eLetters

151 e-Letters

published between 2009 and 2012

  • A Comparison of ECG scores for Area at Risk
    John F. Beltrame

    Versteylen et al (1) recently evaluated several area at risk (AAR) methods in patients with acute ST elevation myocardial infarction (STEMI) using 4 physiologic principles, and concluded that cardiac magnetic resonance imaging (CMRI) methods out-perform angiographic methods, which are better than electrocardiographic (ECG) methods. However this study utilized the antiquated Aldrich score, rather than the updated ECG inde...

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  • Important cost categories not included: TAVI probably less cost-effective
    Pieter H van Baal

    Patients eligible for the TAVI intervention are old (>75), face a high mortality risk and generally have multiple comorbidities [1]. Health care consumption of this group of patients can therefore expected to be high [2,3]. As a consequence, life extension in this group would probably result in additional health care consumption in so-called life years gained. Health care consumption in life years gained could be due...

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  • "High platelet reactivity to both aspirin and clopidogrel" is indicative of a generalized high platelet reactivity phenotype
    Paul A. Gurbel

    Young-Hoon Jeong, MD, PhD,1,2 Kevin P Bliden , MBA,1 Yongwhi Park, MD, PhD,2 Udaya S. Tantry, PhD,1 Paul A. Gurbel, MD1

    1Sinai Center for Thrombosis Research, Baltimore, Maryland; and 2Division of Cardiology, Department of Internal Medicine, Gyeongsang National University Hospital, Jinju, Korea.

    The study by Breet et al.1 supported our previous suggestion that a cutoff of aspirin reaction units (ARU)...

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  • It is usually the cigarettes that did it
    M. Justin Zaman

    It should be remembered that in INTERHEART, nine risk factors accounted for 90% of the population attributable risk of a myocardial infarction in men and 94% in women - these did not include family history.[1] Thus, on a population basis, I would disagree with the authors that 'A positive family history of premature coronary artery disease (CAD) is an important risk factor for cardiovascular disease (CVD)'. It is however...

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  • RAMIT: Making sense of its findings and flaws
    Julie Redfern

    West and colleagues'[1] recently published randomised controlled trial (RCT) exemplifies successful failure. Because and not despite of its null findings and flaws, RAMIT provides lessons for the future of prevention. Skeptics and proponents of traditional hospital-based cardiac rehabilitation (CR) should not use the study's findings or flaws to defend their respective positions but harness its failure constructively for...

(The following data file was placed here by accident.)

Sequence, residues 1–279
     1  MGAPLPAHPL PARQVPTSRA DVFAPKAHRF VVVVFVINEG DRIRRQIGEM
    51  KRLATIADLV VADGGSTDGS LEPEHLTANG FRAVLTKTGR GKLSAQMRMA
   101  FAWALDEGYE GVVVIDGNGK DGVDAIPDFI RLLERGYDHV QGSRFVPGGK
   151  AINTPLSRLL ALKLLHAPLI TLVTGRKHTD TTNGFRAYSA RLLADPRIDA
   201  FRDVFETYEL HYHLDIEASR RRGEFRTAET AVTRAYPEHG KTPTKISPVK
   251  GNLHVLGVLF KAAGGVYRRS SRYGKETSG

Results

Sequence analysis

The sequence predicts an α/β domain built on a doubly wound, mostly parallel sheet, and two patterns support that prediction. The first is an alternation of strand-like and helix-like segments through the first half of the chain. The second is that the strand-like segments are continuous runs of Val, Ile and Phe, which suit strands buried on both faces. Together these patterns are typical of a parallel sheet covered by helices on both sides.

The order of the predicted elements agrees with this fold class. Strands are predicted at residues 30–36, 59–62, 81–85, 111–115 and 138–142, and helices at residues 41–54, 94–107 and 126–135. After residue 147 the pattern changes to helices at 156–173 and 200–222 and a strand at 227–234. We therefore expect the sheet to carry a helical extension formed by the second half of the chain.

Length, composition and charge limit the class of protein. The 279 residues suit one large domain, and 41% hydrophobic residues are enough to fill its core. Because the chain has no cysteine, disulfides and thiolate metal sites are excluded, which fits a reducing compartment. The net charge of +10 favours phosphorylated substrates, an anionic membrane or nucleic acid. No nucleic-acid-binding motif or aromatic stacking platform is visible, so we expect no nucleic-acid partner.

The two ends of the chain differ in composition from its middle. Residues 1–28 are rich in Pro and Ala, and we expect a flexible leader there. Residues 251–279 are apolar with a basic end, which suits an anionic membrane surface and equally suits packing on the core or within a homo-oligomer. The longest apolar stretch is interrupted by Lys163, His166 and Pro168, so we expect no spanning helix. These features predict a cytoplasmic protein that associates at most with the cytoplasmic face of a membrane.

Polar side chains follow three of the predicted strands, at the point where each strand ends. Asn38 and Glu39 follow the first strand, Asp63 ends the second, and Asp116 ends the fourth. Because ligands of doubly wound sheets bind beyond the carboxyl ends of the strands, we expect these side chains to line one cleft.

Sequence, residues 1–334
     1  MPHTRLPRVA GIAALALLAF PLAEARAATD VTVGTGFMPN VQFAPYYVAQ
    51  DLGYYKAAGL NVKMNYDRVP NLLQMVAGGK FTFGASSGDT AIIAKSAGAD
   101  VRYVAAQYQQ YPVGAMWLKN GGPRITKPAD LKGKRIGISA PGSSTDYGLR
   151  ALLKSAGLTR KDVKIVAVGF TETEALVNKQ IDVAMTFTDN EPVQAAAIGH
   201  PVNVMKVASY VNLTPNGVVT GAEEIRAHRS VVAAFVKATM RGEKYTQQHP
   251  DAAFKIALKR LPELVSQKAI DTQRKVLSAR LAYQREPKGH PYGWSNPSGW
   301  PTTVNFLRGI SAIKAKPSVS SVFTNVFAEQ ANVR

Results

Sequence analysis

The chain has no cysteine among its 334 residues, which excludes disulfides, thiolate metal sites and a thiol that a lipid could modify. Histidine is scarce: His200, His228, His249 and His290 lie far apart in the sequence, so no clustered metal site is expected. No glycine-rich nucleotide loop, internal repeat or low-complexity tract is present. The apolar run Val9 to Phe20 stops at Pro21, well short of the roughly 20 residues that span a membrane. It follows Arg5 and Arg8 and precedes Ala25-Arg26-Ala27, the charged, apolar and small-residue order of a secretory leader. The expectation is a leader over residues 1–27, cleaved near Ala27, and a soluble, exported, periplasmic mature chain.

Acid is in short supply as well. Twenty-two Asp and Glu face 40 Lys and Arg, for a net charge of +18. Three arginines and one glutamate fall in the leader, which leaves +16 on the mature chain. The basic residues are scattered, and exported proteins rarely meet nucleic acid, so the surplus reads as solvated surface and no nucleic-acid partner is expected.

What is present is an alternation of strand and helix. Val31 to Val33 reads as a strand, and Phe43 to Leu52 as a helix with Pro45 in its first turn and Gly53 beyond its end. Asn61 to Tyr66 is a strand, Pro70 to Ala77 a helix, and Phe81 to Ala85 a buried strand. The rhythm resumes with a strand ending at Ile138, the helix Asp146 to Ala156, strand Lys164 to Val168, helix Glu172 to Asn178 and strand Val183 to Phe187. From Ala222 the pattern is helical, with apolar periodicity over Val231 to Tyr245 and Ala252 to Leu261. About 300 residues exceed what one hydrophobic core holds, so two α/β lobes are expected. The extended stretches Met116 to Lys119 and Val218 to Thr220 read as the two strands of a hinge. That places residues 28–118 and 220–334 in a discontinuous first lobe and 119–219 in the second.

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  • The future of Cardiac Rehabilitation in the UK
    Mohammed A. Rashid

    Dear Sir,

    The recent paper by West et al [1] was critiqued by the current cohort of students taking the MSc Preventive Cardiology at Imperial College London. The following opinions summarise the consensus reached in a group discussion.

    Although all programmes included were reported to conform to contemporary 1995 BACR guidelines for phase three rehabilitation, these varied markedly, as highlighted by...

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  • Exercise training as an essential component of cardiac rehabilitation.
    Viviane M Conraads

    Dear Editor,

    We read with interest, but also great concern, the paper by West, et al.1 on their multi-centre randomized cardiac rehabilitation study, suggesting negligible results. This study was covered in the Belgian press and already led to questions about further reimbursement of such multi- disciplinary programs. We agree that re-evaluation of cardiac rehabilitation in the era of early revascularisation and...

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  • Is RAMIT reflecting the real world?
    Thomas Berger

    RAMIT explored the effect of a phase II outpatient-based cardiac rehabilitation (CR) concept. The authors reported no effect on mortality, cardiac or psychological morbidity, risk factors, health-related quality of life or physical activity of a comprehensive CR programme after myocardial infarction. However, to our opinion these findings cannot be generalized and merit an in-depth critical analysis. In many European c...

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  • West et al. Rehabilitation after myocardial infarction trial (RAMIT): multi-centre randomised controlled trial of comprehensive cardiac rehabilitation in patients following acute myocardial infarction. Heart.2011 Dec 22. [Epub ahead of print]
    BACPR BACPR

    Dear Professor Timmis,

    We, members of the council of the British Association for Cardiovascular Prevention and Rehabilitation (BACPR), representing over 800 health professionals, strive to ensure that our guidance for cardiac rehabilitation (CR) programmes is based on best evidence. Whilst, the topic of the RAMIT study1 is a welcome one, we have significant concerns about this study and feel the authors have ma...

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  • Radial approach. Always superior?
    Krzysztof Letachowicz

    We read with great interest the article by Vink et al. evaluating the feasibility of a routine transradial approach in primary percutaneous coronary intervention (PPCI) for acute ST-segment elevation myocardial infarction. The study demonstrates that when transradial approach is used for PPCI, both very high success rates in vascular access and excellent procedural outcomes can be achieved, [1]. Unfortunately, the authors...

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